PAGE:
Budget overhaul: All you need to know
The Narendra Modi government today cleared several proposals to overhaul the way the annual Budget is presented in India. Here’s all you want to know about the changes that were made today:business Updated: Sep 21, 2016 15:58 IST
The Narendra Modi government today cleared several proposals to overhaul the manner in which the annual Budget is presented in India. Here’s all you want to know about the changes that were announced:
The Union Budget presentation has been advanced:
The annual Budget, traditionally presented on the last working day of February will be tabled about a month earlier now. This will ensure that the government completes the entire Budget exercise by March 31, before the new financial year kicks in.
In the present setup, though the budget is presented in February, several tax proposals kick-in only from June after Parliament passes the annual finance bill in May. Income tax changes come into force only after the finance bill is passed, but these are retroactively implemented from April 1.
The government will move to “outcome-based budgeting”
By scrapping the distinction between plan and non-plan expenditure and moving to an “outcome-based budget”, the finance ministry is trying to shift from traditional performance-based budgeting by planning expenditure to fixing appropriate targets and quantifying deliverables of each scheme.
The government classifies its expenditure into plan and non-plan. Non-plan expenditure is what the government spent on salaries, subsidies, loans and interest. While plan expenditure is the money spent on productive purposes, such as the money spent on the various flagship programmes of the government.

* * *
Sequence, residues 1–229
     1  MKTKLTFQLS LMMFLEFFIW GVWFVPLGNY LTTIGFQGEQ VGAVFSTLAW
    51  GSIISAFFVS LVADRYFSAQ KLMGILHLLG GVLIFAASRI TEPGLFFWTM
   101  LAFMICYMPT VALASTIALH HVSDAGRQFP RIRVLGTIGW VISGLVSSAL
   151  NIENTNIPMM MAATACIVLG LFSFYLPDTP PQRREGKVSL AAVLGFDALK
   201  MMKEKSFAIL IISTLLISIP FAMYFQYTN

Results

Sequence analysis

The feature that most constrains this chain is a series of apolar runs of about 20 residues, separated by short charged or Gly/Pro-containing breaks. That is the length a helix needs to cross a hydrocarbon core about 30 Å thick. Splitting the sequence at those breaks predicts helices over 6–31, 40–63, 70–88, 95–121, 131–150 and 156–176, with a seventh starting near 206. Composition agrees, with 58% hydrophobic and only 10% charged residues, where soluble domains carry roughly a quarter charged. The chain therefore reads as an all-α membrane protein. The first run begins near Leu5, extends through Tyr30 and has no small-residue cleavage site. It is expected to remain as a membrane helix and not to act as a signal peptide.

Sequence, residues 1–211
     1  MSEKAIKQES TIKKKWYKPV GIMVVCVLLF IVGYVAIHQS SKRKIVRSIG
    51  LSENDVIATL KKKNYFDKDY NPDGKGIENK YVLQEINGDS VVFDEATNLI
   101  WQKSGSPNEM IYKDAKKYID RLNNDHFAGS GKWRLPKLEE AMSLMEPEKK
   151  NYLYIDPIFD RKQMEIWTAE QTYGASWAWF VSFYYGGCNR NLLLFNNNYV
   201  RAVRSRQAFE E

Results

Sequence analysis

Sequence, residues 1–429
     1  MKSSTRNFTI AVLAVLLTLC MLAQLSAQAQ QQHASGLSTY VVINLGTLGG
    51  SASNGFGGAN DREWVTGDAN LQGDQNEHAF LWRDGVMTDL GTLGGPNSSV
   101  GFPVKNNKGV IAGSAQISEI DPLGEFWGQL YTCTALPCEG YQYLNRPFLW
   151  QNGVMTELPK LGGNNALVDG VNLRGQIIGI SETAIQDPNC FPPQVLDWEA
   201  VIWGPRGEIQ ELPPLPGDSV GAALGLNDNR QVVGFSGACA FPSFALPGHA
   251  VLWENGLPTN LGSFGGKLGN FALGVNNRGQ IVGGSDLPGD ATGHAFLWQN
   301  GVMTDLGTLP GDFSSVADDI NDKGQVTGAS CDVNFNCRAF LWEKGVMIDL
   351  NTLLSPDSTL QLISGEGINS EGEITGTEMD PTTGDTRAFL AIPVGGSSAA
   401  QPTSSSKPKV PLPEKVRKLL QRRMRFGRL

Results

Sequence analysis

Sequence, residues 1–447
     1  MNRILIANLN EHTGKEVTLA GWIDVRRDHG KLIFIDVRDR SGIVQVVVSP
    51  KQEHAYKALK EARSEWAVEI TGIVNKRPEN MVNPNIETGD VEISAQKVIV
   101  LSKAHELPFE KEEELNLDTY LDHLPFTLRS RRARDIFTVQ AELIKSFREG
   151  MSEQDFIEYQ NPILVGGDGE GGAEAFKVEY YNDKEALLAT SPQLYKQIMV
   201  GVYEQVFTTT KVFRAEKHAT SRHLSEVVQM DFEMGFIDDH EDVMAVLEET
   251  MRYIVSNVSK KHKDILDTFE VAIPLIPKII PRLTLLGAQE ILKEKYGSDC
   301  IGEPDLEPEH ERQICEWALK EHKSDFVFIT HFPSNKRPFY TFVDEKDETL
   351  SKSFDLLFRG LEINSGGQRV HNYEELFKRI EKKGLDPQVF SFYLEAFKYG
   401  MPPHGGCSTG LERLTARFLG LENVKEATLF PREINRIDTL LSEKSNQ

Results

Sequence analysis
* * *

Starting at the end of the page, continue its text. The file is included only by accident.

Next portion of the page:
Merger with the rail budget
Rail minister Suresh Prabhu told Rajya Sabha on August 9 that he had asked the finance minister to merge the Railway Budget with General Budget, citing the long-term interest of national transporter as well as the country’s economy. The cabinet today approved this.
“If the rail budget is merged then, Railways will not have to pay the annual dividend for gross budgetary support to the government,” a top source in the government who did not wish to be named told HT.
Discarding the rail budget is a politically sensitive issue. This 92-year-old tradition has been used as a populist tool to announce new trains and routes by governments to reach out to constituencies.
Apart from the Cabinet nod, the move to advance the budget and merge the rail budget will require bi-partisan political support as it will involve changes in Parliament sessions.